Liew, Soon Yee
Cellulose nanocrystal: electronically conducting polymer nanocomposites for supercapacitors.
PhD thesis, University of Nottingham.
This thesis describes the use of cellulose nanocrystals for the fabrication of porous nanocomposites with electronic conducting polymers for electrochemical supercapacitor applications. The exceptional strength and negatively charged surface functionalities on cellulose nanocrystals are utilised in these nanocomposites. The negatively charged surface functionalities on cellulose nanocrystals allow their simultaneous incorporation into electropolymerised, positively charged conducting polymer for charge balancing, i.e. co-electrodeposition occurs. The exception is the case of polyaniline-cellulose nanocomposites which formed with uncharged cellulose nanocrystals. As a result, the cellulose nanocrystals form the structural backbone of the nanocomposites in which the mechanical integrity of the nanocomposites becomes significantly improved. In Chapter 1, supercapacitors and the electrode materials are introduced. The equations relating to the characterisation of supercapacitor materials and devices are also introduced in Chapter 1. In the first half of Chapter 2, the basics of electrochemistry and electrochemical methods used in this work are discussed. In the second half, the preparation of the cellulose nanocrystals is reported. Chapters 3 and 4 report the fabrication and characterisation of polypyrrole-cellulose nanocrystal composites with respect to their capacitance, stability and charging characteristics. Chapter 5 discusses the making of the polypyrrole-cellulose nanocomposites at a practical scale for supercapacitors, and consequently reports the making and testing of a laboratory prototype supercapacitor. Chapter 6 extends the PPy work to other ECPs by the fabrication and characterisation of polyaniline and poly(3,4-ethylenedioxythiophene) nanocomposites with cellulose nanocrystals. Finally, Chapter 7 contains the closing conclusions that I have made for this thesis, and in Chapter 8, I have made some suggestions for future work in this area.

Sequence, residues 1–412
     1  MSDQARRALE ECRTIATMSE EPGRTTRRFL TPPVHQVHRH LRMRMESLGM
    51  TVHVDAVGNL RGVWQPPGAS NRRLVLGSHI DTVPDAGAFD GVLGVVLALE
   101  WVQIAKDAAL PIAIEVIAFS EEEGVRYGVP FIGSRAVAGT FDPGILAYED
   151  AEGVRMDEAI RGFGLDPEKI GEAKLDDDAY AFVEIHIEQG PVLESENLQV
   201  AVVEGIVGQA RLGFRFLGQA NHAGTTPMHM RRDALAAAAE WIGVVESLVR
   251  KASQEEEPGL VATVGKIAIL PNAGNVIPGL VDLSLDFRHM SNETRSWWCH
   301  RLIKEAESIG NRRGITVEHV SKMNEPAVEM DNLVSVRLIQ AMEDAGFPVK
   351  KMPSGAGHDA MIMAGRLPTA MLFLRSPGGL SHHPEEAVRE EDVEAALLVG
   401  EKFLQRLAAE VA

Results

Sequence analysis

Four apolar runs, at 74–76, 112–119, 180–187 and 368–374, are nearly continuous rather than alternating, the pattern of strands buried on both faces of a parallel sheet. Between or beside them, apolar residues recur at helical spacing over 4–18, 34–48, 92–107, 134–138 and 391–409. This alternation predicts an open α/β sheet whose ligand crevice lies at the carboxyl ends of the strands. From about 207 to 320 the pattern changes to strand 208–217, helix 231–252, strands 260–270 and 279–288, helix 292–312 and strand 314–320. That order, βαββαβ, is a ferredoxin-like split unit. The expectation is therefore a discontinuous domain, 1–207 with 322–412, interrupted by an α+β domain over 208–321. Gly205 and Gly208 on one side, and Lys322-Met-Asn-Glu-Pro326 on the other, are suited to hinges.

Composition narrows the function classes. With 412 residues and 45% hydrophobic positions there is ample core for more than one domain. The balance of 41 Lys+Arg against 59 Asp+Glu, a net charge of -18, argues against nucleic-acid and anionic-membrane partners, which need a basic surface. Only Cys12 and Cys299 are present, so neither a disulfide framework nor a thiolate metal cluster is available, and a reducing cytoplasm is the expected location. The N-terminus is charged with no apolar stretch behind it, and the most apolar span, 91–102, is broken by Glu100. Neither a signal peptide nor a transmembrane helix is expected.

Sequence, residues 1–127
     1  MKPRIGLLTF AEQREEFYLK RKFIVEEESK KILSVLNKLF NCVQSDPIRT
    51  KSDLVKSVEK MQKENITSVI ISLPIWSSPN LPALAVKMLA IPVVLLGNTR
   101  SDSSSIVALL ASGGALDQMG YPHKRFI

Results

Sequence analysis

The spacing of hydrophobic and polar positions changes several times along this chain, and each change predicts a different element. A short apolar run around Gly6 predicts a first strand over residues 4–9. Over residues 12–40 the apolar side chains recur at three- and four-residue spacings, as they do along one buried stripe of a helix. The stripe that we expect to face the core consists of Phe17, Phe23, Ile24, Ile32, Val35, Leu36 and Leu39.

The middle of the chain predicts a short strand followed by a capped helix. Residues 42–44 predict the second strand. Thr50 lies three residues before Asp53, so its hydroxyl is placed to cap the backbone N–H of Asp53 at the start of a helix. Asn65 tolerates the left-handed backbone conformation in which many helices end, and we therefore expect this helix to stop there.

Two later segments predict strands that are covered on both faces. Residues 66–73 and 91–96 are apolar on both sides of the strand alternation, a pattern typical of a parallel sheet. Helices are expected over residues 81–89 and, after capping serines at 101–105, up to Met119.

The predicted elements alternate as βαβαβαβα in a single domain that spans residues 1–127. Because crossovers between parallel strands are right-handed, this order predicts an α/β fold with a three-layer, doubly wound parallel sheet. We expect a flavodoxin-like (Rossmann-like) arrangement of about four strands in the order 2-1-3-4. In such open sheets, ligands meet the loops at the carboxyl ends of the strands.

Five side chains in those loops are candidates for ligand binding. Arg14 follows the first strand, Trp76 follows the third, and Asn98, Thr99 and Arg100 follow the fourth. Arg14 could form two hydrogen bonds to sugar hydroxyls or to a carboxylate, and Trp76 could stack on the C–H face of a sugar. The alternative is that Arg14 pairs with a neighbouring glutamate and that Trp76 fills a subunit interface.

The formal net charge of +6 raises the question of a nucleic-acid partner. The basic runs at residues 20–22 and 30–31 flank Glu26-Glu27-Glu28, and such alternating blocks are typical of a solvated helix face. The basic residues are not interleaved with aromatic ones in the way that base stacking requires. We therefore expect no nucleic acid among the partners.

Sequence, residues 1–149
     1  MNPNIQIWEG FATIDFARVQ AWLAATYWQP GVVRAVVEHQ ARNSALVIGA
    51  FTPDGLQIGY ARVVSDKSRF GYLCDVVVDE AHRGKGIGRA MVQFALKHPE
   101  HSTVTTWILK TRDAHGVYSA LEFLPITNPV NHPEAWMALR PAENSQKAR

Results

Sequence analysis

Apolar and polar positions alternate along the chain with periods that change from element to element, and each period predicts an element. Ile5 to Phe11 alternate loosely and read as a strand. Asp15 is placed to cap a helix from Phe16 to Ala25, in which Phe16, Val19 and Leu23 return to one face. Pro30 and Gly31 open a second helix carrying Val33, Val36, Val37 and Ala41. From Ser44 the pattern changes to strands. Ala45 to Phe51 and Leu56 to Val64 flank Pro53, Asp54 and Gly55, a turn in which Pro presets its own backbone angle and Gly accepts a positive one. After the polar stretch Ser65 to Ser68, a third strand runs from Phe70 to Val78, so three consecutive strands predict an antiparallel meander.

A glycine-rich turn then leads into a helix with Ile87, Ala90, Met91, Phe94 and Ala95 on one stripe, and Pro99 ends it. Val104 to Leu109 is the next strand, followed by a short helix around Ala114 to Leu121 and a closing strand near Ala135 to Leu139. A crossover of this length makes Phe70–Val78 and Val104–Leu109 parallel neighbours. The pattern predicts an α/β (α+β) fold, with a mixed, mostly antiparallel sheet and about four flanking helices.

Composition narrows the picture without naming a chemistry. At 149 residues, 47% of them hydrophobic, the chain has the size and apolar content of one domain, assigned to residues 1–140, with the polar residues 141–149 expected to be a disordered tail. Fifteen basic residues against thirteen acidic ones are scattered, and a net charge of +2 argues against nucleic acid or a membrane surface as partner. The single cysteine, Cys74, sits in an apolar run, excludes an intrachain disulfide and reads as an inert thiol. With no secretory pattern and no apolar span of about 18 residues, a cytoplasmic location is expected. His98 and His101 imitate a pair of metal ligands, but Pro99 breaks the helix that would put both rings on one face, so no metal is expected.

In this project, the materials were characterised using mainly scanning electron microscopy and a range of electrochemical techniques. Specifically, the performance of the polypyrrole-cellulose nanocomposites was compared against that of polypyrrole-carbon nanotube nanocomposites, current state-of-the-art materials for supercapacitor. The performance of all the nanocomposites described in this thesis was also critically compared against that of the best available similar materials in literature, to assess the viability of these materials for applications in supercapacitor devices. Significantly, to the best of my knowledge, this is the first time that the nanocomposites of electronic conducting polymers with non-conducting rod-like nanoparticles fabricated using the co-electrodeposition method were described. The performance of conducting polymer composites was significantly enhanced by the presence of the cellulose nanocrystals as the backbone. This work also proves, for the first time, that conducting polymer composite containing non-conducting nanofillers can also achieve high performance. This is a very interesting finding, compared to previous work reported in the literature for similar materials, such as those developed using carbon nanotubes as the composite filler.
Thesis (University of Nottingham only)
||Cellulose nanocrystals, nanocomposites (Materials), conducting polymers, supercapacitors
||T Technology > TA Engineering (General). Civil engineering (General)
||UK Campuses > Faculty of Engineering > Department of Chemical and Environmental Engineering
||23 Apr 2013 09:54
||13 Sep 2016 23:14
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